The Psycho Sidekick in PI Fiction by Dave White

It’s a pleasure to welcome Derringer Award-winning author Dave White back to the site. Blind to Sin, the latest entry in White’s series featuring New Jersey-based ex-cop turned private investigator Jackson Donne (following last year’s An Empty Hell), is out now, and White stopped by to talk about the concept of the psycho sidekick that crops up so often in PI fiction, as well as to explain why he went in a different direction with his series.

Dave WhiteThe Psycho Sidekick in PI Fiction

Hawk. Win. Joe Pike. Bubba Rogowski.

These characters aren’t exactly Robin to their books’ Batman.

I love the psycho sidekick in private investigator fiction. Sure, he’s usually a bit of a cheat. He takes the onus off the private investigator, doing the nasty stuff and keeping the hero’s conscience clean. I don’t love that part—no. But usually they are very compelling characters.

Hawk, the granddaddy of them all, started out as a villain in Robert B. Parker’s Promised Land. But Parker, and Spenser, clearly saw potential in the champagne drinking former boxer and brought him back to help out Spenser in the following novel, The Judas Goat. We don’t know much about Hawk, throughout the series. Bits and pieces here or there, but mostly Hawk just is.

And that’s what makes Hawk cool. He shows up, does what Spenser needs him to do, and then goes back about his business. Hawk is arguably more Parker’s signature creation than even Spenser is.

For a long time, Robert Crais took the same path with Joe Pike. Pike was the mysterious former Marine who did the dirty work Elvis Cole couldn’t—or wouldn’t—do. But, in one of the greatest PI novels of the past 20 years—L.A. Requiem—Crais started to peel the onion. We learned more about Joe Pike to the point where he actually headlined some of the more recent books, with Cole taking the side role. Pike was given more depth than any psycho sidekick I can think of. He was actually no longer a sidekick, but a co-lead instead.

When I started my own private investigator series, I promised myself I wouldn’t give Jackson Donne a psycho sidekick. It was my intention to have Donne do the dirty work himself, and the soul of the previous four books have been about Donne trying to keep himself sane—in a way. He knows that anytime he gets himself into a new case, people usually die.

At the end of the last book (yes, SPOILERS), An Empty Hell, Donne imprisons himself. He feels he needs to be punished for all the death he’s been surrounded by. And, he sees someone who works cases better than he does.

You see, instead of creating my own psycho sidekick for Donne, I decided to create someone whose hands are a bit cleaner (but definitely not spotless) than Donne’s. In fact, Matt Herrick—another Jersey PI—doesn’t even use a gun. And compared to Donne, he’s a saint. Like Hawk and Pike are the darker mirror images of the PIs they work with, Herrick is what Donne wants to be.

And now, in the latest book, Blind to Sin, Herrick and Donne have to contend with a situation where keeping their hands clean won’t solve anything. And they are forced to face the dirty side of the private investigator business again.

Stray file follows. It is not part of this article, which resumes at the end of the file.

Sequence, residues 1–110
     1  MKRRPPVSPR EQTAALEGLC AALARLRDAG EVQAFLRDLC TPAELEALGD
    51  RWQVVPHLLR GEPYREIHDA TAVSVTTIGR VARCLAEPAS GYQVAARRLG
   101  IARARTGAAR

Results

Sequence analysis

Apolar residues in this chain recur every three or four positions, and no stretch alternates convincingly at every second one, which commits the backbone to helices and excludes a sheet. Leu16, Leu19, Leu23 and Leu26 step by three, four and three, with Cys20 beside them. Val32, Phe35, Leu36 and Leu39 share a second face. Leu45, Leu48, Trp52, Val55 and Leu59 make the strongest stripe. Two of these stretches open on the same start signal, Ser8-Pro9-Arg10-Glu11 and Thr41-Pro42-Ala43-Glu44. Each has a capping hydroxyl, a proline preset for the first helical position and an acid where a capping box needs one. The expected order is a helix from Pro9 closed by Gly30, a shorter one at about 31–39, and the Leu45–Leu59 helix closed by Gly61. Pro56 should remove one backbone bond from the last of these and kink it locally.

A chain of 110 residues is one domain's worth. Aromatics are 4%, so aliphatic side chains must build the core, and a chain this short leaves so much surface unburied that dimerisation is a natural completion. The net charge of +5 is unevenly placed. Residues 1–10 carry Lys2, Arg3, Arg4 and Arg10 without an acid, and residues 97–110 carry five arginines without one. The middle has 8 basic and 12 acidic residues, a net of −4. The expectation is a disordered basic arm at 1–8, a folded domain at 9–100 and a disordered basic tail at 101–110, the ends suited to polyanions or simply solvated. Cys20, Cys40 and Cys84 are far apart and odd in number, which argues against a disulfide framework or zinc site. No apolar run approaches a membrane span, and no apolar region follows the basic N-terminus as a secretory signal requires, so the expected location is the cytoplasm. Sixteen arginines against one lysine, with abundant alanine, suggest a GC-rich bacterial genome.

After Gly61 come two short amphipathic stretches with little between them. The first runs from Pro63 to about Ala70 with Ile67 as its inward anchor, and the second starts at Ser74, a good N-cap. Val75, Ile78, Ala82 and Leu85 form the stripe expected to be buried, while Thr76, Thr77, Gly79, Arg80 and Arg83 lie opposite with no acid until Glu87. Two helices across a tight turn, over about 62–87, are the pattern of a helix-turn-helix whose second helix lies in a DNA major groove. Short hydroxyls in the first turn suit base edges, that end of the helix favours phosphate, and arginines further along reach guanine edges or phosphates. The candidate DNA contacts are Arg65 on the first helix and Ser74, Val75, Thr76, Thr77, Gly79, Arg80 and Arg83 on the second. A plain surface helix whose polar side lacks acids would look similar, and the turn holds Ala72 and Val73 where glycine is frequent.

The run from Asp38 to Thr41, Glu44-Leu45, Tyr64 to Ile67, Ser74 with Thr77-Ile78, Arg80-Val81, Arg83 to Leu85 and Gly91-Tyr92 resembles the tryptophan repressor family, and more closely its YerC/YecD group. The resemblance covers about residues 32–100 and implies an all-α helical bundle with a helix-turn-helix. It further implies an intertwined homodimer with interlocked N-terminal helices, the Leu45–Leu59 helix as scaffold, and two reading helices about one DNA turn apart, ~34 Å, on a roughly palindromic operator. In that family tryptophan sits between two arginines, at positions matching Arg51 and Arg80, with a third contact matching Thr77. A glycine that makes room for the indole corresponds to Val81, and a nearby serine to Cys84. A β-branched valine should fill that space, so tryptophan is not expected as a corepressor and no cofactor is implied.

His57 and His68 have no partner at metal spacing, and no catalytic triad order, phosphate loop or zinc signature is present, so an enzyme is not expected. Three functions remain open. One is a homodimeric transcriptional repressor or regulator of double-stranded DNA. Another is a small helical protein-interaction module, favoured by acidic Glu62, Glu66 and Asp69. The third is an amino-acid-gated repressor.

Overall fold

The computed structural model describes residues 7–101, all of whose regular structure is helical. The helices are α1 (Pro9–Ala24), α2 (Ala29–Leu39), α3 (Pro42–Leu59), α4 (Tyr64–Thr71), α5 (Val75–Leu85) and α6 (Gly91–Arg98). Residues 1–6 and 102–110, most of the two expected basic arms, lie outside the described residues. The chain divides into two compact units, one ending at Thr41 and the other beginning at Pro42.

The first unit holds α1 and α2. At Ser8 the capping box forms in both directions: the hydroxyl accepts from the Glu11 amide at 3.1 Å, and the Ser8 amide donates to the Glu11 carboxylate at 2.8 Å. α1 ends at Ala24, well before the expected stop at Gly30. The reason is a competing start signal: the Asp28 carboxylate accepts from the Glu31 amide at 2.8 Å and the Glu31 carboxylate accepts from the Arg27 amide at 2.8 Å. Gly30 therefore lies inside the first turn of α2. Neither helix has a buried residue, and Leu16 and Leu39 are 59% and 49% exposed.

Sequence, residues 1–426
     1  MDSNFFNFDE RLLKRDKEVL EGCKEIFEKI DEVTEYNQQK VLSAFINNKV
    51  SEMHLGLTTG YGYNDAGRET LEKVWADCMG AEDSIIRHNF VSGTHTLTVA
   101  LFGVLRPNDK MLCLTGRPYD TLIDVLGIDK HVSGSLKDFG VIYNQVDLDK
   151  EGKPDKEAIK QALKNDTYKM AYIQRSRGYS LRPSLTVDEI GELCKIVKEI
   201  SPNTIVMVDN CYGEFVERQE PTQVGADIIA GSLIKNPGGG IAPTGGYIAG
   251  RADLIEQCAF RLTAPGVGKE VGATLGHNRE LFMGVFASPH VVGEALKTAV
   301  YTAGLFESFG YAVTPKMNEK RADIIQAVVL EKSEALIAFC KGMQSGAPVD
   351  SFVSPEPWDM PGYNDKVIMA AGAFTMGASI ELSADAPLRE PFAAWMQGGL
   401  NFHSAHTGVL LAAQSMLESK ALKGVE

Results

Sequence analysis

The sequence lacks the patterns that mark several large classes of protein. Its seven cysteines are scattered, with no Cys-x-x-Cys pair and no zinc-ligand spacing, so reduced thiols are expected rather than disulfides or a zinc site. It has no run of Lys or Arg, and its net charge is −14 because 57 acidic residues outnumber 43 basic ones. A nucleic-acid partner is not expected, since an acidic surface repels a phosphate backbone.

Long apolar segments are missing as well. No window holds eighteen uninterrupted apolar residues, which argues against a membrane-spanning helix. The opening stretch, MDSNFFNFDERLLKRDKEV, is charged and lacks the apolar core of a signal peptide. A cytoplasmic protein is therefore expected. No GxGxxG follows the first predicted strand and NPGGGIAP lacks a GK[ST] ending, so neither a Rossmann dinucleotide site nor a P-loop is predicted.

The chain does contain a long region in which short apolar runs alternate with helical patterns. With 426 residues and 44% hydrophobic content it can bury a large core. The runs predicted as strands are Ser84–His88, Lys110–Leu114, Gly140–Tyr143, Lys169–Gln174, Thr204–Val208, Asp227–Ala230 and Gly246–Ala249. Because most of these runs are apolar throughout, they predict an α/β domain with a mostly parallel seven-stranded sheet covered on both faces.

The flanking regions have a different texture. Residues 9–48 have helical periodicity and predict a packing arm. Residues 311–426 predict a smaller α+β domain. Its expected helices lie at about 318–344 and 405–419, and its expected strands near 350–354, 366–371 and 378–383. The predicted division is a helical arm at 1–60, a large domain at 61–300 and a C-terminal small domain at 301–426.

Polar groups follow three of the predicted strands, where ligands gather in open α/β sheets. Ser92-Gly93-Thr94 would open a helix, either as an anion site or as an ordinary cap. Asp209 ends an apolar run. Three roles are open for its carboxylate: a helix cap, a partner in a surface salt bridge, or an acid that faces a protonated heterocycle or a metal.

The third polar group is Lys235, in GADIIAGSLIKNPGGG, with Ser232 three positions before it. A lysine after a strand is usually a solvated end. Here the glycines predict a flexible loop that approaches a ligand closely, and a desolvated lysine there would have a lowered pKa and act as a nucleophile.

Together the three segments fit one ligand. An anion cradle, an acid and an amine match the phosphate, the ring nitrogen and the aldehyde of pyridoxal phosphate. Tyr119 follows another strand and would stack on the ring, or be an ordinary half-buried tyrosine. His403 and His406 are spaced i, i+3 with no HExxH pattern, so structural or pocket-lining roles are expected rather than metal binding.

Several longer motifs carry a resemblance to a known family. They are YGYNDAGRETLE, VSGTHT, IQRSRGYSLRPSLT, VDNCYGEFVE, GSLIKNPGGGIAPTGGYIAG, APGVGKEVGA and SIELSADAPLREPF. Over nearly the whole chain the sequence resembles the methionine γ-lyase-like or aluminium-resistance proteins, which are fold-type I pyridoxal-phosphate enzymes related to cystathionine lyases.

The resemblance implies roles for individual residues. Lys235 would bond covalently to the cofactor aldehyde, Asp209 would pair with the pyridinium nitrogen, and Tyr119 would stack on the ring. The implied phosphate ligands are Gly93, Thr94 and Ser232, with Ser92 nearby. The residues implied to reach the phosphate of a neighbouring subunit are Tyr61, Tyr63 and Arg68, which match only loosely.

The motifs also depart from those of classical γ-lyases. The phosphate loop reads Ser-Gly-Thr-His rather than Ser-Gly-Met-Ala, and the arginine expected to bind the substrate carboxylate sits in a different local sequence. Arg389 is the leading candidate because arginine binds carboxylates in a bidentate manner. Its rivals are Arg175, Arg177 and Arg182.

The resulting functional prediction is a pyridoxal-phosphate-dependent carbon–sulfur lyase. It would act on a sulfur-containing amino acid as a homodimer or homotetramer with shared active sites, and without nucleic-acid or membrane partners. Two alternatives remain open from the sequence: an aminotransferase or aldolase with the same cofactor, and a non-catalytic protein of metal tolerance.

If only they had their own Hawk, Win, Bubba or Joe Pike.

It would certainly make life easier for the two of them.

But who wants to read about easy these days?

Dave White is a Derringer Award-winning mystery author and educator. Publishers Weekly gave the first two novels in his Jackson Donne series, When One Man Dies and The Evil That Men Do, starred reviews. Both When One Man Dies and The Evil That Men Do were nominated for the prestigious Shamus Award, and When One Man Dies was nominated for the Strand Critics Award for “Best First Novel.” His standalone thriller, Witness To Death, was an ebook bestseller upon release and named one of the Best Books of the Year by the Milwaukee Journal-Sentinel.


  • Dana King

    March 14, 2017 - 12:34 PM

    “But who wants to read about easy these days?”
    Intriguing last line there, as the first “psycho sidekick” I remember is Mouse from Walter Moseley’s Easy Rawlins books. Mouse really is a psycho; even Easy is afraid of him. It makes for a great, edgy, dynamic.

    You’re right on the larger point: psycho sidekicks can be a cheat. I have one in my PI stories, but bend over backward to try to make him the conscience for my PI. Even though the sidekick is willing and able to do violence, he’s the one who cautions against it. You’re also right that Hawk is the greater creation, and in many ways the more interesting character than Spenser. I don’t know how familiar you are with the SPENSER FOR HIRE TV series. It was a pretty good show, but the reason to watch was Avery Brooks’s portrayal of Hawk, far more than Robert Urich’s Spenser.

    • Dave White

      March 14, 2017 - 8:07 PM

      Hey Dana,

      Unfortunately for me I haven’t read enough Mosely. Just two books. I don’t feel comfortable commenting on Mouse, but I know he’s a big one. Also, I don’t always think of the sidekick as a cheat, but the cliched ones often come up like non-characters and just violent nutjob deux ex machina. I love Avery Brooks portrayal of Hawk and how Bubba comes off in Gone Baby Gone for instance. Great characters. Thanks for the comment.

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